Finance

Goldman Sachs hikes pay by almost 50% in record first half for bankers

Goldman Sachs hiked pay expenses by nearly 50% this year after the best ever performance by its dealmakers so far in 2021.

The US investment bank put aside $11.3bn in compensation costs for its staff in 2021, an increase of 47%, as its strong earnings have continued even as the Covid-19 trading boom has waned. That translates is an average annual total pay of $277,100 per employee.

The bank posted net profits of $5.4bn in the second quarter, ahead of analyst expectations. Revenues of $15.4bn were 16% above the same period last year.

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“Our second quarter performance and record revenues for the first half of the year demonstrate the strength of our client franchise and our continued progress on our strategic priorities,” said chief executive David Solomon in a statement.

The fixed income trading boom that sustained banks’ profits throughout last year as Covid-19 spurred volatility has subsided. Goldman’s fixed income unit was down by 45% during the second quarter compared to the same period in 2020, following rival JPMorgan (45%) with a sharp decline.

Overall trading revenues at Goldman were down by 32% on the previous year, with equities trading dropping by 12%.

Investment banks’ trading units remain the engine room for revenues, but dealmakers have helped take up some slack from the decline in markets. Goldman made $3.6bn from investment banking fees in the second quarter, an increase of 36%, driven by an 82% gain within its prized M&A division to $1.3bn.

This was the second best ever three-month period for Goldman’s investment bankers, surpassed only by the first quarter of this year, which was propelled by a boom in blank cheque companies. The bank has therefore made a record start to 2021 within its dealmaking units, and has hiked pay to reflect performance.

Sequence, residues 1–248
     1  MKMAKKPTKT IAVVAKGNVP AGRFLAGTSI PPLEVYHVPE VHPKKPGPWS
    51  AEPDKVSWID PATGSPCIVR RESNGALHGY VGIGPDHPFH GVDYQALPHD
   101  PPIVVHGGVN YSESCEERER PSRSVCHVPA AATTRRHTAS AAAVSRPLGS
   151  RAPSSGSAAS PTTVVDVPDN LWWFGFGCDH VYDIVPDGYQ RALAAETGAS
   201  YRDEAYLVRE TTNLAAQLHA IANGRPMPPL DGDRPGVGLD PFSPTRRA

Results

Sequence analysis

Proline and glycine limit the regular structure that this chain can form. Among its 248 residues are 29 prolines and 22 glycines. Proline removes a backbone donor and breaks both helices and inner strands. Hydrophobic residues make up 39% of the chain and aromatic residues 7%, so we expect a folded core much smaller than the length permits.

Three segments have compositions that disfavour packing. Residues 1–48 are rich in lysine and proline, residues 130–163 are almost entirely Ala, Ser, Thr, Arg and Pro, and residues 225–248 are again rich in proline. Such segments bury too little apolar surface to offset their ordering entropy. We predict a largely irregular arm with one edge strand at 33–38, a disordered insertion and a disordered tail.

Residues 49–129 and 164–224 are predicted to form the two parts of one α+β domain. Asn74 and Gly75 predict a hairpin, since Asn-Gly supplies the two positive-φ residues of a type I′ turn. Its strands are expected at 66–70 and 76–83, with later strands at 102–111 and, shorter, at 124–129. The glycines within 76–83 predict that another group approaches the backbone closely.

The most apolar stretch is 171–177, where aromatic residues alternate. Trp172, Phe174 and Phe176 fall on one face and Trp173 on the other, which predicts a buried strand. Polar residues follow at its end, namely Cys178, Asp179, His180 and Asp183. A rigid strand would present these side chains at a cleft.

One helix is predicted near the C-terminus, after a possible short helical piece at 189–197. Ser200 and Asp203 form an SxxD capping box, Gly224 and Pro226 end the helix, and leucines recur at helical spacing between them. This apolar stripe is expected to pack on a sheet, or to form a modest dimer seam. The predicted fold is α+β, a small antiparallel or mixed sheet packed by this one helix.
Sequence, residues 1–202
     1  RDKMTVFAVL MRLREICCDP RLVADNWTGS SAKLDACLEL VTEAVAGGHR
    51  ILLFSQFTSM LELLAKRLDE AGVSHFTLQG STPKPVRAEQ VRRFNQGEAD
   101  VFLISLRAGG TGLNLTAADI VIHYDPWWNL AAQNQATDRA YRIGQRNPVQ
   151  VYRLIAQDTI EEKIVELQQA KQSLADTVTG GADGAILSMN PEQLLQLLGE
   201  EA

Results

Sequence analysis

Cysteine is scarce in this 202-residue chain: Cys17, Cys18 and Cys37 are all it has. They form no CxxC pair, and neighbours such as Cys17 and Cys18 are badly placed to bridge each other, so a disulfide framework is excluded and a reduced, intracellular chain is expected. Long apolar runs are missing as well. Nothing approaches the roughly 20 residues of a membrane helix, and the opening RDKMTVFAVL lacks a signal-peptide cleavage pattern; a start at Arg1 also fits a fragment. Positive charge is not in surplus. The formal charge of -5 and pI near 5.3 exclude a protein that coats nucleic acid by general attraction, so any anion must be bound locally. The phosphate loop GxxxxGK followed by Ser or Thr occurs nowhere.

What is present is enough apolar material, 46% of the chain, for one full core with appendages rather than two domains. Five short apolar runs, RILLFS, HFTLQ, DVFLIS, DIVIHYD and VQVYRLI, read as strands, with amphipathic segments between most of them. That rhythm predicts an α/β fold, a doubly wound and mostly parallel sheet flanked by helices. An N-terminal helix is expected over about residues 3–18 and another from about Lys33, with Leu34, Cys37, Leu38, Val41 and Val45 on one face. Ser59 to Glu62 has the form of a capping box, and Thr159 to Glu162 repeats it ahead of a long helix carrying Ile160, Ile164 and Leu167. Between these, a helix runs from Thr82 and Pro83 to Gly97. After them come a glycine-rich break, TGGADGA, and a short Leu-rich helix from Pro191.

Compensation costs were up by 18% during the second quarter to $5.3bn, with the bank typically taking a ‘pay for performance’ approach to its staff. Employee numbers increased by 1,700 compared to the same period in 2020.

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However, Goldman remains among a handful of investment banks not to increase salaries for junior bankers amid a burnout crisis spurred by the increase in activity. Rivals including JPMorgan and Citigroup have increased entry level pay to $100,000 in recent weeks, while Goldman has stood firm.

Goldman ranked second in the global investment banking fee pool league tables so far this year, according to data provider Dealogic. It brought in $5.4bn, or 9.2% of the overall market, up from 8.1% at the same point in 2020. It has also maintained its lead at the top of the equity capital markets and M&A rankings.

Under Solomon, Goldman has been expanding beyond its Wall Street roots, most recently unveiled a new UK transaction banking unit, as well as moving into retail and consumer cards. However, its trading and investment banking units still accounted for 56% of overall revenues in the second quarter.

To contact the author of this story with feedback or news, email Paul Clarke

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